Last month, Maureen Lonergan, Director of AWS Training and Certification, delivered the keynote speech at the Women in IT Awards NYC. The event, in its third year, recognizes the dedication and efforts of women and allies in the tech community. Maureen shared the importance of removing barriers and creating builders through education and training to elevate women and other underrepresented groups. The following are her prepared remarks.
It’s an honour to celebrate so many talented women tonight. We’ve all had different journeys to get here, different experiences that have shaped our paths to tech, and different reasons for why technology matters to us. I suspect, though, we all have at least one thing in common – a love of learning. Learning is fundamental to staying on top of the rapid change of pace in our work, and for me, as the director of AWS Training and Certification, learning is my work.
I have a deep belief in and passion for education. It’s truly the great equalizer. Particularly in technology, access to education makes a remarkable difference in people’s lives, helping them navigate and thrive in a world that is constantly evolving. Education opens doors to jobs that people may have thought were out of reach or, in some cases, didn’t even know existed. At AWS, we know what learning can do for people and believe we have an opportunity to provide cloud education that can improve the lives of people around the world.
Closing the cloud skills gap with AWS and creating a diverse workforce
Over the past decade, cloud technology has transformed everything from how we work and do business to how we consume entertainment, how we exercise, and yes, of course, how we shop. Organisations around the world need highly skilled people who know how to build in the cloud, but even in today’s modern workforce, these people can be very hard to find.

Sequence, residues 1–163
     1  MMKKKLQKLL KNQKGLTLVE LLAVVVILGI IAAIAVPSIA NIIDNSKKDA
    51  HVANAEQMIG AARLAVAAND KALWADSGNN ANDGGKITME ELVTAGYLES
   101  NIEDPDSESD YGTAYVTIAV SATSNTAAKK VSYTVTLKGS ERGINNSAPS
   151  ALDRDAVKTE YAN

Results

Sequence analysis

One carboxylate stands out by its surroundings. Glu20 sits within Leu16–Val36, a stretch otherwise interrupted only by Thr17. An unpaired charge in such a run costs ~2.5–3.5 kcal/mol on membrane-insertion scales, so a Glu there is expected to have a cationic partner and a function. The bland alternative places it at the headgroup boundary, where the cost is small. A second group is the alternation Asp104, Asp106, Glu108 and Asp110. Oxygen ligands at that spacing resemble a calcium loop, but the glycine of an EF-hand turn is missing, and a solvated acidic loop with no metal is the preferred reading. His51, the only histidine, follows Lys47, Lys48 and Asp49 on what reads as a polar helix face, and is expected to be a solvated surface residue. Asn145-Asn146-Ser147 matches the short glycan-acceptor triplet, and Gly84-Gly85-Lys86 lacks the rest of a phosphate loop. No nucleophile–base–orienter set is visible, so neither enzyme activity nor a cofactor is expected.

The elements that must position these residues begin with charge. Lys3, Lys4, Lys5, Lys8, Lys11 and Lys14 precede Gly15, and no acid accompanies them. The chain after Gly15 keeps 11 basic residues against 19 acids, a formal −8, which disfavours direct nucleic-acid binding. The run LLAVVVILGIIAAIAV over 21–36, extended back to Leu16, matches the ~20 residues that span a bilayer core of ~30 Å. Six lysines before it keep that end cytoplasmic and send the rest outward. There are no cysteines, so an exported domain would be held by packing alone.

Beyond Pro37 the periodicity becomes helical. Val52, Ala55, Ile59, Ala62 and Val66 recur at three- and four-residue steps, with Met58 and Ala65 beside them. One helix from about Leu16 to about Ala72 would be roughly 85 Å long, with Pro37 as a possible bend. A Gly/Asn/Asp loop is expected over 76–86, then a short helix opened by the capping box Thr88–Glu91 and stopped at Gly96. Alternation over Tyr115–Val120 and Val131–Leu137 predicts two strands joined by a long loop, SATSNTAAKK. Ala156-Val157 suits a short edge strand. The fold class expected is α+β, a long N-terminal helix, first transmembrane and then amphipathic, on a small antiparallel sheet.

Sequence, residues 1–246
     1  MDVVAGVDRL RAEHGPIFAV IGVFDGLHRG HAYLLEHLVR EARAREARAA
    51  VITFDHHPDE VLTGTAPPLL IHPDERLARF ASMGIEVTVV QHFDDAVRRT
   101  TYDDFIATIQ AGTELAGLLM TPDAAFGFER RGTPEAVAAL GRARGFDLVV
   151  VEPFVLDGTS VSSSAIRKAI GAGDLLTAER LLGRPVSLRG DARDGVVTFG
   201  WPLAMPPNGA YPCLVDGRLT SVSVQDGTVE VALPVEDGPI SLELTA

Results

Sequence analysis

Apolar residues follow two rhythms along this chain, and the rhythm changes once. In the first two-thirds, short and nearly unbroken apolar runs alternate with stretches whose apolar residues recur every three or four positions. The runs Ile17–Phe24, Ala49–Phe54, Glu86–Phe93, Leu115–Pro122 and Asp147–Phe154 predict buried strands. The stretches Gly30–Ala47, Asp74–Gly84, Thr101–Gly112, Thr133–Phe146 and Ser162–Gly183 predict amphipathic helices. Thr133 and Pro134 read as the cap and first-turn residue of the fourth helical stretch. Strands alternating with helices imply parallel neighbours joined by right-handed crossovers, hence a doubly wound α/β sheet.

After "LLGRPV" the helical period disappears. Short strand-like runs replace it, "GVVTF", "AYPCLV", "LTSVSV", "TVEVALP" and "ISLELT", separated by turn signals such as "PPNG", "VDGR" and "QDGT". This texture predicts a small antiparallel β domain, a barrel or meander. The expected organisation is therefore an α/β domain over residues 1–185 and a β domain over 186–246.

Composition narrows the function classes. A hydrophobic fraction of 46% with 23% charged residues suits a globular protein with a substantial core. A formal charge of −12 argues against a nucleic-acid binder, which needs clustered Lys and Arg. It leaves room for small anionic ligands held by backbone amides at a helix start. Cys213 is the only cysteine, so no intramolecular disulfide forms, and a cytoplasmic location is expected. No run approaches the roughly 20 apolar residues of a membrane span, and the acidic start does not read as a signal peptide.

To build up that workforce, we focus on providing accessible education that levels the playing field for anyone who has the desire to learn cloud computing. When you remove barriers to education, you can create a stronger and more diverse team of builders. That’s why we’re intentional about investing in our education programmes. We want to reach non-traditional learners who might not be thinking about careers in the cloud.
Like many of your companies, we are working to expand access for women and other learners from underrepresented groups. A diverse workforce goes well beyond a focus on gender or ethnicity and embraces a true diversity of thought, experience, and background. With all of this in mind, we provide opportunities for people who want to learn and grow and change the trajectory of their careers and their businesses.
Increased need in the current environment
This mission has never been more pressing. The world is shifting rapidly, with economic changes that force businesses to make thoughtful, and sometimes hard, decisions about what direction to move toward. Each of us has been touched in some way by this pandemic, with unique challenges to bear. But we must also recognise the outsized overall impact COVID-19 has on women in the workforce. Recently released studies from McKinsey and Lean In tell us that:
- Women are losing their jobs at a higher rate than men.
- Women of colour are more likely to risk their health in frontline, essential-service roles.